- Flettner Rotor Bruce Yeany introduces the Flettner Rotor and related science
- Gavin Simpson
- ggplot2 and ggfortify Plotting State Space Time Series with ggplot2 and ggfortify
- "Impacts of Green New Deal energy plans on grid stability, costs, jobs, health, and climate in 143 countries" (Jacobson, Delucchi, Cameron, et al) Global warming, air pollution, and energy insecurity are three of the greatest problems facing humanity. To address these problems, we develop Green New Deal energy roadmaps for 143 countries.
- Beautiful Weeds of New York City
- In Monte Carlo We Trust The statistics blog of Matt Asher, actually called the “Probability and Statistics Blog”, but his subtitle is much more appealing. Asher has a Manifesto at http://www.statisticsblog.com/manifesto/.
- What If
- Musings on Quantitative Paleoecology Quantitative methods and palaeoenvironments.
- OOI Data Nuggets OOI Ocean Data Lab: The Data Nuggets
- Logistic curves in market disruption From DollarsPerBBL, about logistic or S-curves as models of product take-up rather than exponentials, with notes on EVs
- distributed solar and matching location to need
- Healthy Home Healthy Planet
- "Talking Politics" podcast David Runciman, Helen Thompson
- Earth Family Alpha Michael Osborne’s blog (former Executive at Austin Energy, now Chairman of the Electric Utility Commission for Austin, Texas)
- London Review of Books
- Mertonian norms

### climate change

- The great Michael Osborne's latest opinions Michael Osborne is a genius operative and champion of solar energy. I have learned never to disregard ANYTHING he says. He is mentor of Karl Ragabo, and the genius instigator of the Texas renewable energy miracle.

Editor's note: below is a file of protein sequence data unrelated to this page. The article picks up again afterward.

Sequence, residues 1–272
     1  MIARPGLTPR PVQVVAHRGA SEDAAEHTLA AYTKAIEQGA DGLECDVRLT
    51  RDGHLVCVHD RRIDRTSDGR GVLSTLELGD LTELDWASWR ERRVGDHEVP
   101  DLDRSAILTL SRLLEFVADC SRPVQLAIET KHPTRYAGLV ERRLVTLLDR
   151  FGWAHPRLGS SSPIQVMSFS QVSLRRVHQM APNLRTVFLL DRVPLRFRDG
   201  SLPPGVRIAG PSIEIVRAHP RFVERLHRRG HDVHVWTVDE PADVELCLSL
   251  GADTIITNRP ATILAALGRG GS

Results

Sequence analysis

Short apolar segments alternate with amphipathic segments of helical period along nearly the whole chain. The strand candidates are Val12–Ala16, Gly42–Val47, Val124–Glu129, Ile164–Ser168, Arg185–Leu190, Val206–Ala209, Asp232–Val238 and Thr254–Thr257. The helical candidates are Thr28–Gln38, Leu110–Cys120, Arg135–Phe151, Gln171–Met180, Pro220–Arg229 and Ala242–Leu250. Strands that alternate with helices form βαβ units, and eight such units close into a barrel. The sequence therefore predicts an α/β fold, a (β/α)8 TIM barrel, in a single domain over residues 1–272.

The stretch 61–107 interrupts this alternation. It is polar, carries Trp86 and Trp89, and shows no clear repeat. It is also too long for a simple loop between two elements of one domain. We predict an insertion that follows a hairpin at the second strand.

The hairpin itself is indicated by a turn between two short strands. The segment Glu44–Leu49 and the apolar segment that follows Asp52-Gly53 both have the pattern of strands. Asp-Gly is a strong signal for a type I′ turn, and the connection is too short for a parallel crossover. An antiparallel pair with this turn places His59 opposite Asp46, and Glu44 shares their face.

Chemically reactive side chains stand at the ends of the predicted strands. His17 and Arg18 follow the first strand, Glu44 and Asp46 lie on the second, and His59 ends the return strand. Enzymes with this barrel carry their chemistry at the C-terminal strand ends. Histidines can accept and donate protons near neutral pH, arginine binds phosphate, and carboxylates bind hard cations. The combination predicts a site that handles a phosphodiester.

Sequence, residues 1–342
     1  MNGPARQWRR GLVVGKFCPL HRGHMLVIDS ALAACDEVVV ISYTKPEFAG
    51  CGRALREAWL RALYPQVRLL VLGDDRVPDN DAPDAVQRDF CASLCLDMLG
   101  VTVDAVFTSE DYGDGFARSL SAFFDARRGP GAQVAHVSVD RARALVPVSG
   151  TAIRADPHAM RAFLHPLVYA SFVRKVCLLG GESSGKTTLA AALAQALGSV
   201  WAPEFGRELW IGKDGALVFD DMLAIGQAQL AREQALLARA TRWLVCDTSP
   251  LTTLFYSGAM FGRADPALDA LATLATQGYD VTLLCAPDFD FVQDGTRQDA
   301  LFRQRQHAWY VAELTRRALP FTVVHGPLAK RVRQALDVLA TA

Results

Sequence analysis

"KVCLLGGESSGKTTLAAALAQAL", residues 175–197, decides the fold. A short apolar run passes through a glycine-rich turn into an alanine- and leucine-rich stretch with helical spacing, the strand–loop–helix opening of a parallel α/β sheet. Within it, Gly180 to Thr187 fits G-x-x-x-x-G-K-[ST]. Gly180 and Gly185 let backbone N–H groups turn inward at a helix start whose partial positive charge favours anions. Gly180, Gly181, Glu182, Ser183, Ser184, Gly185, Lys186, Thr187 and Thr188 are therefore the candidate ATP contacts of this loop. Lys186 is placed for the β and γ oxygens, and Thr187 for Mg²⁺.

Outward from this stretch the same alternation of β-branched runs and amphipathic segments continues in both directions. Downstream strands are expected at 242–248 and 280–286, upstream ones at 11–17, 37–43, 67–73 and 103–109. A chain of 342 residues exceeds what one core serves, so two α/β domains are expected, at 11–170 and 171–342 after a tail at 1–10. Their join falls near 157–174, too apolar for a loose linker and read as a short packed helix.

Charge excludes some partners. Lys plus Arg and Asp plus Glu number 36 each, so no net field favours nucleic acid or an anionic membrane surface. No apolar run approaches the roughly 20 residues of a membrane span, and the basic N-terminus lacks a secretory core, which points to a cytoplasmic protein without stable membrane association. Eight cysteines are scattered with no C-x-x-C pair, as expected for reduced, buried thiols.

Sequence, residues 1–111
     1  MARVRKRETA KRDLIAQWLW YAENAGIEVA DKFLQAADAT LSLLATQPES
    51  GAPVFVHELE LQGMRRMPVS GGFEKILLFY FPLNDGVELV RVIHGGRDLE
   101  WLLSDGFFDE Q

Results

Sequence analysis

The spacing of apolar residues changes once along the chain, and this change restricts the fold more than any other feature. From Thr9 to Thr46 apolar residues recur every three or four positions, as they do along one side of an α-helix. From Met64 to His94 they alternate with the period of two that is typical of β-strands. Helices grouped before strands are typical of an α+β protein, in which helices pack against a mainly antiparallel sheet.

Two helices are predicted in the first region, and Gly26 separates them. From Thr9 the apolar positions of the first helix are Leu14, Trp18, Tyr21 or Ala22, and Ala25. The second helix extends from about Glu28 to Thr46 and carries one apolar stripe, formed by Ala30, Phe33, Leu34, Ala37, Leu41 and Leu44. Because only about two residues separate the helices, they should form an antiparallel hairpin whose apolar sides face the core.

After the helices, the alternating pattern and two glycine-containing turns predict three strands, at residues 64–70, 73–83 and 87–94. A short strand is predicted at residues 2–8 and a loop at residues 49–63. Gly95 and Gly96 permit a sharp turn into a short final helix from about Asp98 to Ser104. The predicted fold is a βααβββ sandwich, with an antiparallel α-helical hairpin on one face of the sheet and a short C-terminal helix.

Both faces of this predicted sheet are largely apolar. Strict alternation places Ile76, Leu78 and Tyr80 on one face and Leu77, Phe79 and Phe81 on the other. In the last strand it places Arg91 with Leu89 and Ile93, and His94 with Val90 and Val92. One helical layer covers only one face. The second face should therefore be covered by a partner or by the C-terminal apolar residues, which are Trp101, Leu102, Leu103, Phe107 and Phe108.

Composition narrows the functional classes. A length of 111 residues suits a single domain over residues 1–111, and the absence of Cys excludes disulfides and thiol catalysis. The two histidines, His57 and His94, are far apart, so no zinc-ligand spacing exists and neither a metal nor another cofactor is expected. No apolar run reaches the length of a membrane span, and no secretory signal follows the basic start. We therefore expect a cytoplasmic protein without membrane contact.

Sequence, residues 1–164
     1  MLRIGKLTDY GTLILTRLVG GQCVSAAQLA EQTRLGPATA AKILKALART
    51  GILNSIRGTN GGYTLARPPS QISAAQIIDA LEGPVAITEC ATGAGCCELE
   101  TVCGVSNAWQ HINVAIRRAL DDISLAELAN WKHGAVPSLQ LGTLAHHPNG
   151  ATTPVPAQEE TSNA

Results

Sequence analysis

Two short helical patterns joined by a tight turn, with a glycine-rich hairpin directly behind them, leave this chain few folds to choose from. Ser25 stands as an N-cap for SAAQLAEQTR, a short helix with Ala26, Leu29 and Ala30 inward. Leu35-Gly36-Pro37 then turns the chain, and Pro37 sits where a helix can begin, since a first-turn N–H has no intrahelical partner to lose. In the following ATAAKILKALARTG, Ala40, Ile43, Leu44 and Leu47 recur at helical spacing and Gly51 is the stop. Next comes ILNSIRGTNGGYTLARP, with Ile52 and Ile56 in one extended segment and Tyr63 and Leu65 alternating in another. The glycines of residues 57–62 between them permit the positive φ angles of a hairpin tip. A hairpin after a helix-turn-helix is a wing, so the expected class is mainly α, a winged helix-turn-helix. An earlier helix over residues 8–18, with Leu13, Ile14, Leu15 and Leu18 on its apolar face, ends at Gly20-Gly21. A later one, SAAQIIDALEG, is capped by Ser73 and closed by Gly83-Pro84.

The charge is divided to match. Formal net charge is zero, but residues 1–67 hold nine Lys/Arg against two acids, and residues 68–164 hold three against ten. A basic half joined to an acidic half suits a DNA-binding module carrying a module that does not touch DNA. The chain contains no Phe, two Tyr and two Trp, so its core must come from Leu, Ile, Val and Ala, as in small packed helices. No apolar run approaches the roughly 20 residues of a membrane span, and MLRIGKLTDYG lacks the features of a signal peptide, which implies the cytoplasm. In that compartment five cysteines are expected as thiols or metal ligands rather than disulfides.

- Climate change: Evidence and causes A project of the UK Royal Society: (1) Answers to key questions, (2) evidence and causes, and (3) a short guide to climate science
- Rabett Run Incisive analysis of climate science versus deliberate distraction
- Climate model projections versus observations
- Sea Change Boston
- CLIMATE ADAM Previously from the Science news staff at the podcast of Nature (“Nature Podcast”), the journal, now on YouTube, encouraging climate action through climate comedy.
- Documenting the Climate Deniarati at work
- AIP's history of global warming science: impacts The American Institute of Physics has a fine history of the science of climate change. This link summarizes the history of impacts of climate change.
- Paul Beckwith Professor Beckwith is, in my book, one of the most insightful and analytical observers on climate I know. I highly recommend his blog, and his other informational products.
- Climate at a glance Current state of the climate, from NOAA
- Mrooijer's Global Temperature Explorer
- Wally Broecker on climate realism
- On Thomas Edison and Solar Electric Power
- Agendaists Eli Rabett’s coining of a phrase
- Ray Pierrehumbert's site related to "Principles of Planetary Climate" THE book on climate science
- Jacobson WWS literature index
- Grid parity map for Solar PV in United States
- Équiterre Equiterre helps build a social movement by encouraging individuals, organizations and governments to make ecological and equitable choices, in a spirit of solidarity.